Whenever I read Tom Robbins, I get a hankerin to hit the road…it’s a must now and again….usually alone, though often with someone I know along route or at my destinations end, and on fine occasion, with a fellow traveller, but alone is fine too. It’s what I call my ‘expanding time’ as I never return ‘home’ the same. I like that. I like change. Positive change. (You know that by now if you’ve read any of my posts).
I once had the notion to travel the country from diner to diner tasting the various coffees at each locale, experiencing the folks at each stop. I believe a television show was created with the same premise, nonetheless, I enjoy traveling to local dives rich with culture from the area, slipping in to sip my ‘cup of joe’ and listen to conversations, watch, take it all in like perfume….each location’s scent so very different.
I had a similar smaller experience in Louisiana once where I trekked to zydeco dance festivals 5 days in a row, tasting different gumbos after the dances had ended, each and every night way past midnight, feet sore from dancing, belly ready for sensational gumbo delights. (I don’t know where ANY of those people are these days, though it matters not, the moment was everything).
It was five days of veritable heaven.
It’s truly the small details and actions which make the difference in life. I’d never felt more alive!
And then, the other morning, I opened Tom Robbin’s Wild Ducks Flying Backwards and read a spell. I came across a very short story and could relate to this woman and what she sees and experiences. I’m clearly no genius, but I understand her world as I’ve been there.
OF THE GENIUS WAITRESS I NOW SING
Of hidden knowledge, buried ambition, and secret
sonnets scribbled on cocktail napkins; of aching
arches, ranting cooks, condescending patrons, and eyes
diverted from ancient Greece to ancient grease; of
burns and pinches and savvy and spunk; of a uniquely
American woman living a uniquely American compromise,
I sing. I sing of the genius waitress.
Okay, okay, she’s probably not really a genius. But
she is well-educated. She has a degree in Sanskrit,
ethnoastronomy, Icelandic musicology, or something
equally valued in contemporary marketplace. Even if
she could find work in her chosen field, it wouldn’t
pay beans–so she slings them instead. (The genius
waitress is not to be confused with the
aspiring-actress waitress, so prevalent in Manhattan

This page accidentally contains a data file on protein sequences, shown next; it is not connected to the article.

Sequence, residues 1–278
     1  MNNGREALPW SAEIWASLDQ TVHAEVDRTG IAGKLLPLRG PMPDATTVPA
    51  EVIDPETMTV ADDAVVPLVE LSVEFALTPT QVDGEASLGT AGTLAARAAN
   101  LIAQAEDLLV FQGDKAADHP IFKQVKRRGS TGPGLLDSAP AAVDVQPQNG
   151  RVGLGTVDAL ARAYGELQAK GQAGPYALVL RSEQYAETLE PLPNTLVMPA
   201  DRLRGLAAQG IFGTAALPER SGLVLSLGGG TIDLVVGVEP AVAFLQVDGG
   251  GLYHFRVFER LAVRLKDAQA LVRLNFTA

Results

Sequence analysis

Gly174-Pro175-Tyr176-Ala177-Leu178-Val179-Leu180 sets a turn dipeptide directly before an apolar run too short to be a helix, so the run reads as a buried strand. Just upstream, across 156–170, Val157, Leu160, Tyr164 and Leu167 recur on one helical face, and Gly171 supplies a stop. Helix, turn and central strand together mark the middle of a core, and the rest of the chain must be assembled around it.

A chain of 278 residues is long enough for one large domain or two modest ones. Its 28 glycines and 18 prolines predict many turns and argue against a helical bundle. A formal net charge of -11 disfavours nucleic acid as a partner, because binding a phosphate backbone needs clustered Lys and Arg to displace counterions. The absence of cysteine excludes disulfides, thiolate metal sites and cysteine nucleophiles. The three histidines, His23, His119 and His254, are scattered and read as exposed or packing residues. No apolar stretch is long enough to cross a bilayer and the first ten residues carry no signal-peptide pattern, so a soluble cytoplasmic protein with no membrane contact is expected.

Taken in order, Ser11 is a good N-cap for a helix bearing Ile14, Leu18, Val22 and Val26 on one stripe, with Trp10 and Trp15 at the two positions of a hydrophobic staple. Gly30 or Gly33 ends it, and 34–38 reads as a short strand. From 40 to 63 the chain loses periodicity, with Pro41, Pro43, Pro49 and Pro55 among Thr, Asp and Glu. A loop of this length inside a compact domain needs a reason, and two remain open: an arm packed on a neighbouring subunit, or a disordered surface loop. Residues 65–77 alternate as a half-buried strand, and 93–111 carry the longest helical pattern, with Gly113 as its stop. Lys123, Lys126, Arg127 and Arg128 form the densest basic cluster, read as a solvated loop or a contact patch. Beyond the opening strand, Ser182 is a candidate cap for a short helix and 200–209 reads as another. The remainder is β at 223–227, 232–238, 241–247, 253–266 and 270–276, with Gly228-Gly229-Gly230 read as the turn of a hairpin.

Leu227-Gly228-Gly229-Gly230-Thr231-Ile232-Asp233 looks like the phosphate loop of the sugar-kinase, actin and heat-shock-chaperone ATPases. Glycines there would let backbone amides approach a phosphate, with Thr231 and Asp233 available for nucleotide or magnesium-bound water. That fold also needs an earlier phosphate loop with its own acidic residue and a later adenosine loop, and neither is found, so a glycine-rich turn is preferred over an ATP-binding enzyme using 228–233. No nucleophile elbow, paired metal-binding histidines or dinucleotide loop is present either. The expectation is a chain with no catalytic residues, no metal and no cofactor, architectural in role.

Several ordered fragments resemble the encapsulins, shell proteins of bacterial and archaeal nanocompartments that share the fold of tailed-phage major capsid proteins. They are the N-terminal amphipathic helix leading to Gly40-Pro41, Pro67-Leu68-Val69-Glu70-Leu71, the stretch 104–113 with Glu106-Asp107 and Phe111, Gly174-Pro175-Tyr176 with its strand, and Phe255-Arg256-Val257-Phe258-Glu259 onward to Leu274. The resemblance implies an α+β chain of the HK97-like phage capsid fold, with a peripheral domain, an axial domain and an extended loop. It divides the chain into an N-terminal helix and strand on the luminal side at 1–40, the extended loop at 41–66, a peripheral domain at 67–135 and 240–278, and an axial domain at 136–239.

and Los Angeles and so different from her sister in
temperament and I.Q.)
As a type, the genius waitress is sweet and sassy,
funny and smart; young, underestimated, fatalistic,
weary, cheery (not happy, cheerful: there’s a
difference and she understands it), a tad bohemian,
often borderline alcoholic, frequently pretty (though
her hair reeks of kitchen and bar); as independent as
a cave bear (though ever hopeful of “true love”) and,
above all, genuine.
Covertly sentimental, she fusses over toddlers and old
folks, yet only fear of unemployment prevents her from
handing an obnoxious customer his testicles with his
She doesn’t mind a little good-natured flirting, and
if you flirt with verve and wit, she may flirt back.
Never, however, never try to impress her with your
resume. Her tolerance for pretentious Yuppies ends
with her shift, sometimes earlier. She reads men like
a menu and always knows when she’s being offered
leftovers or an artificially inflated soufflé.
Should you ever be lucky enough to be taken home by
her to that studio apartment with the jerry-built
bookshelves and Frida Kahlo posters, you will discover
that whereas in the public dining room she is merely
as proficient as she needs to be, in the private
bedroom she is blue gourmet virtuoso. Five stars and
counting! Afterward, you can discuss chaos theory or
the triple aspects of the mother goddess in universal
art forms–while you massage her swollen feet.
Eventually, she leaves food service for graduate
school or marriage; but unless she wins a grant or a
fair divorce settlement, chances are she’ll be back, a
few years down the line, reciting the daily specials
with her own special mixture of warmth and ennui.
Erudite emissary of eggs over easy, polymath purveyor
of polenta and prawns, articulate angel of apple pie,
the genius waitress is on duty right now in hundreds
of U.S. restaurants, smile at the ready, sauce on the
side. So brush up on your Schopenhauer, place your
order–and tip, mister, tip. She deserves a break
Of her, I sing.
I love how Tom Robbins sees and mostly feels things and the way he writes it up with wit, compassion and smarts.
And with that….I feel the need for a travel adventure coming on and may scour for a fellow adventurer, though maybe not. Having just come from the far east this last spring, my nose is sniffing west. It’s time to ‘expand’ a notch, and I’m not talking belly here…